The mayor of the tiny UK Pacific colony of Pitcairn has pleaded not guilty to sex abuse charges, reports say.
Steve Christian is alleged to have committed the crimes decades ago
Steve Christian was the first of seven men to appear in a trial which has highlighted claims of underage sex.
One witness reportedly wept as she told the trial, via video link from New Zealand, that as a young girl she was raped by Mr Christian four times.
The group, which makes up half the island's adult male population, faces 55 charges of rape or indecent assault.
New Zealand prosecutors say there is an ingrained culture of having sex with underage children on Pitcairn, famous for its link to the Mutiny on the Bounty in 1789.
Local women have argued the practice is an island tradition and consensual, saying some of the alleged victims of abuse had been coerced into testifying.
The alleged victims are all now off the island and will testify by video link from New Zealand.
Challenging Britain's authority
On Wednesday public prosecutor Simon Moore said Mr Christian, 53, committed the crimes between the ages of 13 and 24.
"There was no question of consent. Steve Christian was exercising a right he believed was his," media reports quoted Mr Moore as saying.
The first prosecution witness described how as an 11 or 12-year-old girl she was taunted on
the island for being a "half-caste" and that she had been targeted and raped by Steve Christian on four occasions.
She said she was held down by the defendant and two other men in the first attack.
There was no one she or her parents could turn to on the island, she reportedly said.
Mr Christian pleaded not guilty to six charges of rape and four of indecent assault of four women, the AFP news agency quoted local media reports.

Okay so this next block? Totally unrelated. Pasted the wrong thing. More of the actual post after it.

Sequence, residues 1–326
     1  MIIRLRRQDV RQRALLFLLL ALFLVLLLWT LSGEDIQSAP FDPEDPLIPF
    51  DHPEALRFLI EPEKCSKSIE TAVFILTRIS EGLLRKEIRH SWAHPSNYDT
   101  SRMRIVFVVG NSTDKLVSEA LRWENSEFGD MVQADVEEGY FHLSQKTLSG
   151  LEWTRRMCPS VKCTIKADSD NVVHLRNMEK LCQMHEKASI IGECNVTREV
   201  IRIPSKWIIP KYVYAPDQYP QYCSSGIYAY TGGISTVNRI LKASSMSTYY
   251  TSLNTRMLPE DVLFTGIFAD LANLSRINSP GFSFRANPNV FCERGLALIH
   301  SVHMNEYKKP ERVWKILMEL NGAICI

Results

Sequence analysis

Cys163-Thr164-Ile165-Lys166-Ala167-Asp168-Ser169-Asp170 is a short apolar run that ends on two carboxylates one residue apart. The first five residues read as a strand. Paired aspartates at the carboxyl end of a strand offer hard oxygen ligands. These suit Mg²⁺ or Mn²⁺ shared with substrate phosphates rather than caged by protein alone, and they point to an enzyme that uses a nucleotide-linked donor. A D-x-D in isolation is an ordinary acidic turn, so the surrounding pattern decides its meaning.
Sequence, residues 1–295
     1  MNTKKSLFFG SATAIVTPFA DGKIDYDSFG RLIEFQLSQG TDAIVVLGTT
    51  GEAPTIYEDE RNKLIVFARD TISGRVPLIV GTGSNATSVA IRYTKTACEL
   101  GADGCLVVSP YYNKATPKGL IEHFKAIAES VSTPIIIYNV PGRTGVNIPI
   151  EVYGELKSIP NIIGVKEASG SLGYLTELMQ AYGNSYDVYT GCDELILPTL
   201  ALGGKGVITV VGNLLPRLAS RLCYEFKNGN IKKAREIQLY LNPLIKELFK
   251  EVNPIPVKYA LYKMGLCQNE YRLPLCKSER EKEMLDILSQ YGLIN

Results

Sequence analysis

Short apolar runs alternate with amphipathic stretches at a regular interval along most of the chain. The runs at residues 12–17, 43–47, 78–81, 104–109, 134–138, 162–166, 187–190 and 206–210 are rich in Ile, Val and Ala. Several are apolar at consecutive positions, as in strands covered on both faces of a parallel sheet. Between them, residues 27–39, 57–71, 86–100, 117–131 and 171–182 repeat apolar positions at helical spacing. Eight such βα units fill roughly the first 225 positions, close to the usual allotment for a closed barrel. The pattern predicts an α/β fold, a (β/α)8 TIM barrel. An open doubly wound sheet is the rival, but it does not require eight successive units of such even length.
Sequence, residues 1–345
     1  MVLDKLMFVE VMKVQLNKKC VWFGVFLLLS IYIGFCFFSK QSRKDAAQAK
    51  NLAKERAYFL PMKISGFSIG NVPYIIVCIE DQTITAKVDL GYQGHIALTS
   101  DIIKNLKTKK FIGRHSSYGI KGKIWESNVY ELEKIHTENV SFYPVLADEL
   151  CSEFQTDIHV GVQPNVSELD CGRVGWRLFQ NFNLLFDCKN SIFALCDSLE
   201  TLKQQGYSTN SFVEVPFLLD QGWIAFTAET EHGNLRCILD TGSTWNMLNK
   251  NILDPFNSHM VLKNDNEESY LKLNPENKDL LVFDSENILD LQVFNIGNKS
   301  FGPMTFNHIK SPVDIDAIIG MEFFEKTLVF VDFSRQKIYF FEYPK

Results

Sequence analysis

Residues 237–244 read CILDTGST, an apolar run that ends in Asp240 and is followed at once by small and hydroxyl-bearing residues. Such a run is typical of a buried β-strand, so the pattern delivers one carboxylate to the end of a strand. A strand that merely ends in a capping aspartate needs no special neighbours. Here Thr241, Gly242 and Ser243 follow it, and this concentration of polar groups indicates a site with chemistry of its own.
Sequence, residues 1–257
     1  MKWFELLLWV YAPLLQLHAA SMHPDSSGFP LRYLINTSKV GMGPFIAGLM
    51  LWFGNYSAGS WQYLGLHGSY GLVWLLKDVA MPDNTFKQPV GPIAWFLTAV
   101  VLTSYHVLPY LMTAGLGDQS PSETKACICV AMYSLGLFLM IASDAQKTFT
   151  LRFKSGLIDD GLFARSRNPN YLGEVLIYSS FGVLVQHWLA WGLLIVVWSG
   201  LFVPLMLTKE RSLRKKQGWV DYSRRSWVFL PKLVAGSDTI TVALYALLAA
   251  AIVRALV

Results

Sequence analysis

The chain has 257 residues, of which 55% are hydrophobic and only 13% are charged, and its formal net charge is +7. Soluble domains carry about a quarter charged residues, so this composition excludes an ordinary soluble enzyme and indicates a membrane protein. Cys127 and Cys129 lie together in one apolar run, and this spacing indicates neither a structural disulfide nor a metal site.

A Radio New Zealand reporter - one of only six journalists allowed on the island - said the trial opened in a community hall in Adamstown, the island's solitary settlement.
Among the accused are Len Brown, his son Dave, Jay Warren, Terry Young and Dennis Christian. The mayor's son, 30-year-old Randy, is also facing charges.
The defendants are expected to mount a defence based on a challenge to Britain's authority over the island.
They argue that although Pitcairn - as a British overseas territory - is theoretically subject to English law, consensual underage sex, involving girls aged 12 or 13, is a traditional part of island life.
Some observers have insisted that any convictions could threaten the island's future by restricting its ability to support itself.
Pitcairn has a resident population of 47, and the islanders make a living by selling handicrafts to passing boats along with fishing and subsistence farming.
The charges stem from 1999 when an islander told a visiting British policewoman she had been sexually abused.
Since then, new laws including a child protection act have been enacted and police and social workers have been sent to the island.
Many of the women of Pitcairn believe that the charges against the seven are unfair.
The wives, daughters, sisters and mothers of some of the accused have spoken out to declare the men's innocence.
Judges, lawyers and other court staff have made the long journey from New Zealand for the trial.
The islanders are descendents of mutineers who seized control of the British navy vessel HMS Bounty in 1789.
They landed on the uninhabited island of Pitcairn a year later with a group of Polynesian men and women and remained undiscovered for almost 20 years.